Brad Wardell's views about technology, politics, religion, world affairs, and all sorts of politically incorrect topics.

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So here’s my Metro desktop.  Now, I’ve only been using Windows since v2.1 so maybe I’m missing a few things like…

1) How do I sort the tiles?

2) How do I organize them into groups?

3) How do I change the size of tiles?

4) How do I change the color?

These aren’t customization requests, these are basic organizational features people expect.

I like the Metro style. So I’d love to be able to color code tiles based on how I might use them.  Intuitively, I’d expect to be able to drag select (or shift select or ctrl select) a bunch of tiles, right click and choose various options. Except, there are no context menus. Instead, you get an option to unpin or uninstall at the bottom of the screen – great for tablet use but not real useful here.

Android and iPhone users are used to being able to put their stuff in folders/groups/whatever.  What about here?  This seems pretty basic stuff.

The tech is good

Here’s the maddening part, Windows 8 is the best version of Windows yet – technologically. WinRT is great. The memory optimization they’ve done is fantastic. It’s faster. It’s smoother. But it’s also unusable for trying to get a lot of work done. 

This isn’t a case of “just get used to it”. There’s not a lot to get used to. This would be akin to taking away the keyboard on a tablet/smart phone and telling people to just use a stylus to draw what they want and accuse them of not “giving it a chance” when they complain.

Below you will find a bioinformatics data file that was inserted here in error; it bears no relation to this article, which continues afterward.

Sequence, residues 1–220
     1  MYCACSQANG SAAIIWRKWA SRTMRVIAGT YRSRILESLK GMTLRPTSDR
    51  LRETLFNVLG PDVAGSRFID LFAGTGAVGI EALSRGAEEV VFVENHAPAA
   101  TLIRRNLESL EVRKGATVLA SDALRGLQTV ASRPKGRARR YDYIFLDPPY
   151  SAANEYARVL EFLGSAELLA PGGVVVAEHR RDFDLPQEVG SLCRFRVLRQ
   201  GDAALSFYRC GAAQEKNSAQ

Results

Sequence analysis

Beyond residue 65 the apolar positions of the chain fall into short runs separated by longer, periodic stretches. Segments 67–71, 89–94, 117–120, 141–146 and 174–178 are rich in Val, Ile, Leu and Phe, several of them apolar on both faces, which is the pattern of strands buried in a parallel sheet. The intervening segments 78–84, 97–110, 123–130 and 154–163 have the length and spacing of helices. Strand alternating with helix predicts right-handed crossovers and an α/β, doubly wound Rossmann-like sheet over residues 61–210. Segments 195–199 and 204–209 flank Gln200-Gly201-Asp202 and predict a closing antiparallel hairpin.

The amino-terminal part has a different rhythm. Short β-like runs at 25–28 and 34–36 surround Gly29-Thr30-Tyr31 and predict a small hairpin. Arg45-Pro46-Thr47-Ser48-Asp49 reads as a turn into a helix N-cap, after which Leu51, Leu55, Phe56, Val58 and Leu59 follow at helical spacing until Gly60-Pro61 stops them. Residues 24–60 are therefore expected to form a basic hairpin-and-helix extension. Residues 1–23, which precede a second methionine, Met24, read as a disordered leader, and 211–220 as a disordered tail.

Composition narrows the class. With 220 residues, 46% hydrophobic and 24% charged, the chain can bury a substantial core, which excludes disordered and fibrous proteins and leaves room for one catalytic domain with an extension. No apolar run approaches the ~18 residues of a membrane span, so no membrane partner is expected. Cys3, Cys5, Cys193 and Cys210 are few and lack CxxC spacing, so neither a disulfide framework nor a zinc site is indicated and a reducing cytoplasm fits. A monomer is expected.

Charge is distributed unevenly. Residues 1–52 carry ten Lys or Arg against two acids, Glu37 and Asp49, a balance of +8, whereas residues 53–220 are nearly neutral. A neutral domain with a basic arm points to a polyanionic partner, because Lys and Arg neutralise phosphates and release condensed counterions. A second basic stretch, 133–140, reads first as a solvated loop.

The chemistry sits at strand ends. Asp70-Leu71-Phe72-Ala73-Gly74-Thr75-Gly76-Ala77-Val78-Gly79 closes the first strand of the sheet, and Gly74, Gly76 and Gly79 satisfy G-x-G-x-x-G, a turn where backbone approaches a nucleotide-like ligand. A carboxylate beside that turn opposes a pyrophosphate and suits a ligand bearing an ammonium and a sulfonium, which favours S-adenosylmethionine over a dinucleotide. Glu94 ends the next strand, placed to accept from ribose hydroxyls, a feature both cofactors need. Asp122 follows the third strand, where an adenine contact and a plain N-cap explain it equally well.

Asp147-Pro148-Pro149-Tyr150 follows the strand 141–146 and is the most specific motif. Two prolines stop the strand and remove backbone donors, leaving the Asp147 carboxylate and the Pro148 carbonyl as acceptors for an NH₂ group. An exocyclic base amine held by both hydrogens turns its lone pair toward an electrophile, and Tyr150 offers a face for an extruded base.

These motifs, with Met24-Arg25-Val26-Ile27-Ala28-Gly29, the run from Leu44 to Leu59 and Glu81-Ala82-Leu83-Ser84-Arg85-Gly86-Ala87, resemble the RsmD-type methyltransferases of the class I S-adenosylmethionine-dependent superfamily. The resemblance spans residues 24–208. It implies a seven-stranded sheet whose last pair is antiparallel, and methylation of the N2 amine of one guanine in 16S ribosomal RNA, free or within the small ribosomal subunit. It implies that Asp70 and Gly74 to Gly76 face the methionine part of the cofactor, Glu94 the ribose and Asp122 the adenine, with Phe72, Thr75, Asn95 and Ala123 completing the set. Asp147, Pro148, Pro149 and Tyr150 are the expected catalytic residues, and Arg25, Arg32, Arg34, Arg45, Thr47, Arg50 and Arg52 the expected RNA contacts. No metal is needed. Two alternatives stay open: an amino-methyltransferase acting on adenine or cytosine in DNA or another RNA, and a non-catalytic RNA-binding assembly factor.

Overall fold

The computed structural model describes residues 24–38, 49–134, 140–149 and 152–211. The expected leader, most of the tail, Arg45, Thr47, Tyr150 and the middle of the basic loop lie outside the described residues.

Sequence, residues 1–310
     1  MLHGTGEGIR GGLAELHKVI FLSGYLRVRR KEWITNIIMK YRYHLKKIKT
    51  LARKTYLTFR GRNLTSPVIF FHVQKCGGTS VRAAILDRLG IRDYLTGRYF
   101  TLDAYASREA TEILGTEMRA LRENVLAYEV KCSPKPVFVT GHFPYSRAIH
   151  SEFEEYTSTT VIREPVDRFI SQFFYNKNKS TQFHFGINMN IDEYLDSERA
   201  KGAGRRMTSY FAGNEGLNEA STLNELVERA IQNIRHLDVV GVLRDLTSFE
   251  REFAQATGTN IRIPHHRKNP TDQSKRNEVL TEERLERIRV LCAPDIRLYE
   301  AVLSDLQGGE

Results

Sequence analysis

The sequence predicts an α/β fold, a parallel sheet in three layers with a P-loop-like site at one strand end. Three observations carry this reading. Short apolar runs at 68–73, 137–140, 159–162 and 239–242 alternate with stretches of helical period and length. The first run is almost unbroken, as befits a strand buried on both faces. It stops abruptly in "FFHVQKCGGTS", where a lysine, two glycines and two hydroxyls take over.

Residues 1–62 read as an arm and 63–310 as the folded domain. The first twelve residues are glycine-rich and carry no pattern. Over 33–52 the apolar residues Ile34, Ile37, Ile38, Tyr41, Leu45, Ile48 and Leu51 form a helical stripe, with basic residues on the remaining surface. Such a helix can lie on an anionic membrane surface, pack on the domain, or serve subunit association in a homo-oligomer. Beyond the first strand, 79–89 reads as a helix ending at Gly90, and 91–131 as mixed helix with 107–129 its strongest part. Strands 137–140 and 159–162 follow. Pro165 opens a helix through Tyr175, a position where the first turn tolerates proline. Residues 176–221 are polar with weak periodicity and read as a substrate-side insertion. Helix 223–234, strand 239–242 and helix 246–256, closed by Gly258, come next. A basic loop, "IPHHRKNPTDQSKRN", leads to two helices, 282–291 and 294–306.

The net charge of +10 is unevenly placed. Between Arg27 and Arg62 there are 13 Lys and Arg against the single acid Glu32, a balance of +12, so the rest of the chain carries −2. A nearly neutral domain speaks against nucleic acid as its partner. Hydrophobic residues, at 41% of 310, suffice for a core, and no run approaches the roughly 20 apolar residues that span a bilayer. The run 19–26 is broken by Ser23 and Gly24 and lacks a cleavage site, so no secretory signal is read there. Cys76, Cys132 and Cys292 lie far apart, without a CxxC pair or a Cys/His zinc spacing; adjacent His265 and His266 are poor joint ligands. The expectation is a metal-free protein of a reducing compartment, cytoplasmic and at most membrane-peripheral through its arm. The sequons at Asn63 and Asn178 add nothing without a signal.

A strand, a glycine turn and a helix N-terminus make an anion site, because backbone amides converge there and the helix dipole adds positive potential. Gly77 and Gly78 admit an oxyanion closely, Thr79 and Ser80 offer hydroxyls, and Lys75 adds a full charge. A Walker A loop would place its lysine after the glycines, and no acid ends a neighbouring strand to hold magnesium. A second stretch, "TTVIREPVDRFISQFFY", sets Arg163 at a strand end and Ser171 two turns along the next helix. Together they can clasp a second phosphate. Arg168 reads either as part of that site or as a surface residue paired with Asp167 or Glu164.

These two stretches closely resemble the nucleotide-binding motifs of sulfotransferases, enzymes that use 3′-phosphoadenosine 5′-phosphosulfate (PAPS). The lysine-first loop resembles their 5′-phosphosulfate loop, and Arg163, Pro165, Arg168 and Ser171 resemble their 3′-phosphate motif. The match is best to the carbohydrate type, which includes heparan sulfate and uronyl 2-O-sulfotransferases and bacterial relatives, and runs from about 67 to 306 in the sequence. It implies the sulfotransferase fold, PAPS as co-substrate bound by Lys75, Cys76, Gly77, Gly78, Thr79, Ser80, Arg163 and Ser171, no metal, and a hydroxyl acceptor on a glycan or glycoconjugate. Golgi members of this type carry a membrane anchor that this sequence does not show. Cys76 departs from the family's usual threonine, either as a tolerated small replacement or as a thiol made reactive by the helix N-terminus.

What’s the usage case?

In Product design, we typically create use cases. How we expect people to use what we’re making.  I honestly can’t see what their use cases for this is.  How is a user seriously supposed to do serious production work if all the “new” apps are full screen with no quick way to switch between them? 

And I’m not talking about power user stuff here, I’m talking what is the use case of someone who is trying to use Power Point, Word, and Excel together in a Metro environment?

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That is an example of an app (the reader app).  The back button does not take you out of the app. It’s disabled. To get out of the app, you move your mouse to the top left or bottom left of the screen.

To switch between your running apps you move your mouse to the top left and then to the side:

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And you get a list of tiles.

Now, again, I am not trying to beat up on Windows 8 here. I would like one of the Windows 8 fans to make the case on how that metaphor is faster or better or more intuitive than the case where I could have all 3 apps up on the screen at once.  Note that I used the word OR.  You don’t even have to make the case for all 3.  Just one of them would be fine.

Heck, even my Iphone is easier to switch apps than this (double tap and pick the app).

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And the PC is not designed to run everything full screen. How many people choose to run everything full screen?

It’s not all doom

The problem with Windows 8 isn’t technical. It’s political. Someone, way at the top, almost certainly over the cries of developers and designers, is insisting on this.  Here’s why I say this:

  1. They could easily let the Windows desktop load Metro apps in a window, on the Windows desktop. How do I know that? Because we’ve already done it internally here. So it’s definitely doable. So why not? Why force desktop users into Metro when the current Metro experience is a big step back for 90%+ of PC desktop users?
  2. A lot of the problems with the Metro experience boil down to trying to treat the mouse as surrogate for a giant pointer finger. Hence, no context menus – no menus whatsoever. These could be overcome by treating the mouse as a different class of input device.
  3. There is technically no reason to force users into Metro to launch apps or to interact with Metro apps. Under the covers, they’re just full screen windows.

A warning to the fan community